Do Girls Really Love Assholes?
I don't really like assholes, do I?
Posted January 19, 2010 | Reviewed by Matt Huston
A few months ago, back in the golden days of interning at PT, I read a blog post that changed my life. Scott Barry Kaufman, or as I affectionately refer to him, SBK, wrote: Do Assholes Really Finish First?
He discussed the phenomenon of women falling for "bad boys" or "assholes" and included various research to back such claims. I encourage you all to read his post if you haven't, but if you want my CliffsNotes version, feel free to park your mouse here for a moment.
SBK writes: "Bad boys tend to have lots of positive traits that come along for the ride of the badness, such as good looks, confidence, creativity, humor, charisma, high energy, and good social skills—all things women find attractive."
In terms of psychology, "the 'asshole' consists of the following traits: High Extraversion, Low Neuroticism (perhaps), Low Conscientiousness, Low Agreeableness, High Openness to Experience, and a bit of a dip into the dark triad traits (those with an extreme dark triad profile aren't considered sexually attractive)." The dark triad refers to three personality deficiencies: narcissism, Machiavellianism, and psychopathy.
SBK also raised the question, why do girls want to be with the bad boy?
He found an answer from Michelle at Girlfriend's Planet, who eloquently put it like this: "[Bad Boys] don't really ever commit to you, therefore you're always chasing after them. The challenge! As women, we're kind of wired to think that we can change anyone, and bad boys are no exception."
It was as if SBK had come into the dressing room of my soul and had seen my naked psychological self. How utterly accurate his findings were!
Finally, an explanation for this crazy inexplicable attraction! I simply liked assholes...
Wait a minute.
I like assholes?
This is suddenly very depressing.
I quickly assess my past romantic interludes and wonder just how many of my gentleman callers were actual textbook-definition "assholes."
One, Two, Ten... err... None.
Sure they were outgoing, charming, open to new experiences, funny, handsome, maybe even a bit narcissistic, which all fits the psychological asshole profile, but they've never been Tucker Max mean to me.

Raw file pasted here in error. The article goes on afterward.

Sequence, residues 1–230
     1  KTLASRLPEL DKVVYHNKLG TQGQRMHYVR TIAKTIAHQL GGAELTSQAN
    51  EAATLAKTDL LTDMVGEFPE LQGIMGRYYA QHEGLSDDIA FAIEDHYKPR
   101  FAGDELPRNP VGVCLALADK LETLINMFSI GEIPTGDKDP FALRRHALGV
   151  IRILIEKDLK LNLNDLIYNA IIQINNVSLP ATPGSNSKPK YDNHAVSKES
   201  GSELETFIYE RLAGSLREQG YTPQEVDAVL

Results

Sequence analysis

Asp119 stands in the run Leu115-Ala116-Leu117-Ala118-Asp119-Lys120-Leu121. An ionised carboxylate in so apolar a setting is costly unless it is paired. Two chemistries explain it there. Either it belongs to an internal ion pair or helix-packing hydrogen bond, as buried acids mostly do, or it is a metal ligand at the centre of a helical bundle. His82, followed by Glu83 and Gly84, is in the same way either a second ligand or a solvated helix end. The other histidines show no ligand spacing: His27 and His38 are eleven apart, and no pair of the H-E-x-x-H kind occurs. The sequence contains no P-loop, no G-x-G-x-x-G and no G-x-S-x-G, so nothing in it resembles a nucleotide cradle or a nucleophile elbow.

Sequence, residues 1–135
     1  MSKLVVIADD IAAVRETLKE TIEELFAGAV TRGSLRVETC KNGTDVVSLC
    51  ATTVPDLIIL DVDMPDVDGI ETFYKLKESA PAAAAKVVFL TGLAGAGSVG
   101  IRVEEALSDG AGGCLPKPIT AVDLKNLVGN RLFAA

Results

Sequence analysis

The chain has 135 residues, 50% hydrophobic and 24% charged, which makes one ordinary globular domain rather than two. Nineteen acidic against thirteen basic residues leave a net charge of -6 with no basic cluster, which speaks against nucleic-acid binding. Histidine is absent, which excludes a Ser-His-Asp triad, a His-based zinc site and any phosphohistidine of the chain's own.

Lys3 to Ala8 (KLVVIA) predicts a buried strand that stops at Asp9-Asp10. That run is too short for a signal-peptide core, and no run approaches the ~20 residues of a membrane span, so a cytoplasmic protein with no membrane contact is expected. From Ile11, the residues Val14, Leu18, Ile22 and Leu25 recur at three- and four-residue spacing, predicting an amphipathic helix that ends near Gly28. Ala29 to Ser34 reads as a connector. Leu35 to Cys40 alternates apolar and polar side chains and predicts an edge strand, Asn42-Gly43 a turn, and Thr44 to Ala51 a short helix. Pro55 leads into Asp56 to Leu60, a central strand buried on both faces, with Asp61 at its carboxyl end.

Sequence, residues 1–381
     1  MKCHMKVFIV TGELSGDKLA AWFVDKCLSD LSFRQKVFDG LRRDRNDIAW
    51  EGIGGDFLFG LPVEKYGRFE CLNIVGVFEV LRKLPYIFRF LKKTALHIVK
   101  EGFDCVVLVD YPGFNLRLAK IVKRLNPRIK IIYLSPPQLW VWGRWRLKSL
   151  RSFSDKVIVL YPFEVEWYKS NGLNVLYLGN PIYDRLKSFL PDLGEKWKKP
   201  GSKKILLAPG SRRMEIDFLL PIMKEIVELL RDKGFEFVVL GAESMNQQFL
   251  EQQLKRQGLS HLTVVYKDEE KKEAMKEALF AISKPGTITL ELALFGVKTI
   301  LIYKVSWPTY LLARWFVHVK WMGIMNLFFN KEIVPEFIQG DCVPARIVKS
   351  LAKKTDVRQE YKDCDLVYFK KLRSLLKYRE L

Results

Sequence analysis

Okay, so they've hurt me, but never intentionally. I think that most guys get faulted or called an "asshole" because they can't give the girl what she wants. I know I'm guilty of that. Trevor broke up with you? Oh, he's an asshole!
Really? Trevor is an asshole because he was honest about his feelings?
Perhaps, if Trevor cheated on you, berated you in public, gave you a couple of black eyes or called you a fat, ugly whore, he would earn the title, but for breaking up with you?
In fact, Trevor was a great boyfriend. He would call and leave stupid sappy voicemails, do a hysterical Kermit impression, and surprise visit you in France while you were studying abroad, because he knew you didn't want to be alone for the holidays.
Trevor was never an asshole. Neither were any of the guys I dated and then vilified as "assholes" in my dream journal. Even Eric, who cheated, wasn't an asshole. He was genuinely apologetic and vowed never to hurt me again. Of course, he did in other ways, but he had a good heart. Very rarely do guys actually want to inflict pain on you.
These guys weren't bad boys; they were just emotionally unavailable.
Non-committal, not ready for a relationship, whatever you want to call it—that's it! That's where the allure comes from. Not the bad boy himself, but his inability to commit. Even good guys exhibit this quality. Arguably the best guy of them all, Edward Cullen, also has commitment issues. Yes, he loved Bella, but he did leave her behind in a vampire-susceptible forest. What was up with that?
Maybe for me, it boils down to this old saying, you always want what you can't have.
Women want some chase, some drama, some intrigue. If it's too easy to get the guy, then she might think, "Wait, he just fell into my lap. This is fishy. Maybe he thinks that I'm too good for him. Cool. I'm too good for him. Wait, if I'm too good for him, then that means I could do better. Next!"
I hate to say this, but this thought has crossed my mind (and I'm sure others' as well) more than once. The allure of the emotionally unavailable guy is that he doesn't think the girl is worth committing to, not yet anyway, which can be construed as, "you're not good enough for me," which automatically makes the girl want to be "good enough." So she starts chasing the guy, when she damn well knows that she shouldn't.
This part is what Michelle refers to as "the challenge."
Oh, the challenge!
How do you overcome this challenge? Is there an eHow on this? I'd be happy to read it. Dr. Drew? Oprah? SBK? Anyone?
At the very least, it's comforting to know that I'm not inexorably drawn to assholes, just non-committals.
Wait a minute...